Director Gets Two Years in Jail for Train Track Shoot That Killed Crew Member

accident

There have been a number of cases in recent years of people getting struck and killed by trains after doing photo or film shoots on train tracks. One of the cases last year involved the filming of a movie titled “Midnight Rider.” While filming on a narrow trestle bridge, a train passed through and killed one of the crew members.

The director, Randall Miller, pleaded guilty to involuntary manslaughter and has now been sentenced to two years in prison and eight years of probation for his recklessness.

Miller will also be required to pay a $25,000 fine, perform 360 hours of community service, and refrain from directing for the 10 years of his sentence.

The incident happened on February 20, 2014, when the movie’s crew ventured on a narrow railroad trestle to film a scene. A train approached unexpectedly, and the crew wasn’t able to get off the tracks in time to reach safety.

A number of crew members were injured, and a 27-year-old camera assistant named Sarah Jones was struck by the train and killed.

One of the pieces of evidence shown in court was a horrifying video recorded by a videographer on the team. It shows the crew members scrambling to flee the tracks as the sound of the train’s whistle can be heard. The video cuts out just as the train reaches the crew:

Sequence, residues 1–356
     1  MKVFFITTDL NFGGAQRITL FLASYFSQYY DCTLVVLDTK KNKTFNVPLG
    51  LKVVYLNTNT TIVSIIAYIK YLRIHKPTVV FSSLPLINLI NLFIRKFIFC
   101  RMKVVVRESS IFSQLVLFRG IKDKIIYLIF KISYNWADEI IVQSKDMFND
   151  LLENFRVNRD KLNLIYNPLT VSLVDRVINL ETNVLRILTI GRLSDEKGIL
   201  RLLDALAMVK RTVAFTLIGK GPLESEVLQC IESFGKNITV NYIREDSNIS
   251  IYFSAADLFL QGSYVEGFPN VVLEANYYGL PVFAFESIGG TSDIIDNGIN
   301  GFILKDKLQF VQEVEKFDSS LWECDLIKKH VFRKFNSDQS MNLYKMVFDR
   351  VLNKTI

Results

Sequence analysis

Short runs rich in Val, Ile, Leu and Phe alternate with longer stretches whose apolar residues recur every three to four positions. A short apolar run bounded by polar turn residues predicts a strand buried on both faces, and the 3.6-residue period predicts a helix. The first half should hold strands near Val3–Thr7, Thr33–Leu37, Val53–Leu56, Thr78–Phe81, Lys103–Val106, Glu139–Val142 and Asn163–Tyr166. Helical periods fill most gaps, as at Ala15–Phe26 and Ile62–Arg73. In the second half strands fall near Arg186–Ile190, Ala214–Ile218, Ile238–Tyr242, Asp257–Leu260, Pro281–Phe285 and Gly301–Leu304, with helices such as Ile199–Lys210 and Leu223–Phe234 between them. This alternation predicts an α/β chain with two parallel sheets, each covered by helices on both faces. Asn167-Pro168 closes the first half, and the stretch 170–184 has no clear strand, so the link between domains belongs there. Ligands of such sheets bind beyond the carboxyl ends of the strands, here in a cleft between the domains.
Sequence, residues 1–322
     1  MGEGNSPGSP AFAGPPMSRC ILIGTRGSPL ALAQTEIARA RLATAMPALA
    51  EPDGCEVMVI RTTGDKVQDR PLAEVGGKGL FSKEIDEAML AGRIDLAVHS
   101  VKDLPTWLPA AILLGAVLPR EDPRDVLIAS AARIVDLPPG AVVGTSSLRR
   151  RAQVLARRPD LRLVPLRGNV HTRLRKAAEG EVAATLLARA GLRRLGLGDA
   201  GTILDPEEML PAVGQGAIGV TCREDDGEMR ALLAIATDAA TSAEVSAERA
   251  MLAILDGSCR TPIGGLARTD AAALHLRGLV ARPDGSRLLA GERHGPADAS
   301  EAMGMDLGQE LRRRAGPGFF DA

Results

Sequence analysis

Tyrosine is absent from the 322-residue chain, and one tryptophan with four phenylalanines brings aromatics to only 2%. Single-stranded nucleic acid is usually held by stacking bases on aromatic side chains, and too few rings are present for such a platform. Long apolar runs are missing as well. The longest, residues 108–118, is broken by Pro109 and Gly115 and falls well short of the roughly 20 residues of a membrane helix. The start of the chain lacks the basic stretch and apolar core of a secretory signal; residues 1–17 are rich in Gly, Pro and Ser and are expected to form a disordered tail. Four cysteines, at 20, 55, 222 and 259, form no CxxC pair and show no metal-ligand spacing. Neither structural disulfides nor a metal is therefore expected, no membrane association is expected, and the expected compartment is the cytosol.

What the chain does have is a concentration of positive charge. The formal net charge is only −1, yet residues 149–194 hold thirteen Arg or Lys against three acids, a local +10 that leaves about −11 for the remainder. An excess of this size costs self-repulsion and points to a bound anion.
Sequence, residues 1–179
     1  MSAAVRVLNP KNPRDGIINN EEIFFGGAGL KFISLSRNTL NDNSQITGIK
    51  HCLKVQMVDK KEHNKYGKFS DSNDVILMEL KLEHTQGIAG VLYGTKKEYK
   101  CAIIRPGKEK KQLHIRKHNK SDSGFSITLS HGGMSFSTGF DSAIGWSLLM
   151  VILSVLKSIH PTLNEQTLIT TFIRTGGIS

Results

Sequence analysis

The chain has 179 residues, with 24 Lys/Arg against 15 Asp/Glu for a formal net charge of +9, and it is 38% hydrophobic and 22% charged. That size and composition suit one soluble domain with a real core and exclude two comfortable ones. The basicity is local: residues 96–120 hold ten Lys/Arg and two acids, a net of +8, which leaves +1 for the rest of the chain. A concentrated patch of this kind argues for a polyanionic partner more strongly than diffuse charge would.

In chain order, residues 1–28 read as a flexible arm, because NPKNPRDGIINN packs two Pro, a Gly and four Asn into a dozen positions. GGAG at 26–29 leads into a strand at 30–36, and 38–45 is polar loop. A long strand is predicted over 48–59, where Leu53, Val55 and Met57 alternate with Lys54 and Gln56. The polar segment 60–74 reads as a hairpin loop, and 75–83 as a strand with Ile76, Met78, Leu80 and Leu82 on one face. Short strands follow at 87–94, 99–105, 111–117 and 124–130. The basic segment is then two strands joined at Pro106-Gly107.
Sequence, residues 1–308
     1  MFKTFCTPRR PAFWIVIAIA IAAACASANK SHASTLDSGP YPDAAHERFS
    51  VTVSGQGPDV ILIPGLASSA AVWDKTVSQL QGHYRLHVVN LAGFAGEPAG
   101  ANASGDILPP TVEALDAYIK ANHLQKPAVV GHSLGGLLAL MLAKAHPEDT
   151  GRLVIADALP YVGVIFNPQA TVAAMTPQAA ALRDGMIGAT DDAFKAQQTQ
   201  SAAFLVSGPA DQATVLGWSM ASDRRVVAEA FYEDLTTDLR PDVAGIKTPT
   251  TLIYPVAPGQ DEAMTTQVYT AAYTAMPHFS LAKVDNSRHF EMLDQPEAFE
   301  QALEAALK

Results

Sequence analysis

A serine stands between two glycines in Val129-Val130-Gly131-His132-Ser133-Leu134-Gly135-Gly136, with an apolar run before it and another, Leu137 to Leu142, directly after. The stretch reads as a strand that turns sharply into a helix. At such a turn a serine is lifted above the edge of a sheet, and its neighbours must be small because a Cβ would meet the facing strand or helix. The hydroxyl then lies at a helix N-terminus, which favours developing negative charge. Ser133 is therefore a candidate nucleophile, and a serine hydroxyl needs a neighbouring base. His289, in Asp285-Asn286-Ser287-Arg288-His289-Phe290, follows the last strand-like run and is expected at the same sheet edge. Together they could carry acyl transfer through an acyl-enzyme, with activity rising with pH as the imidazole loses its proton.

The train operator has since produced evidence showing that it had refused permission after the film’s crew had requested it. Miller’s argument is that his location manager never informed him of the lack of permission, and that he’s simply the scapegoat after a tragic failure in communication.

After delivering the sentencing, Judge Anthony Harrison said he hoped the case would help prevent this type of accident in the future. “I hope that this day will contribute to your goal of sending a message of safety to the industry” and “give some meaning to this tragedy,” he said to the Jones family.

If you’re ever choosing a location for a photo or video shoot, make sure active train tracks stay off your list — the risks just aren’t worth it.

(via Variety and NYTimes via TOP)

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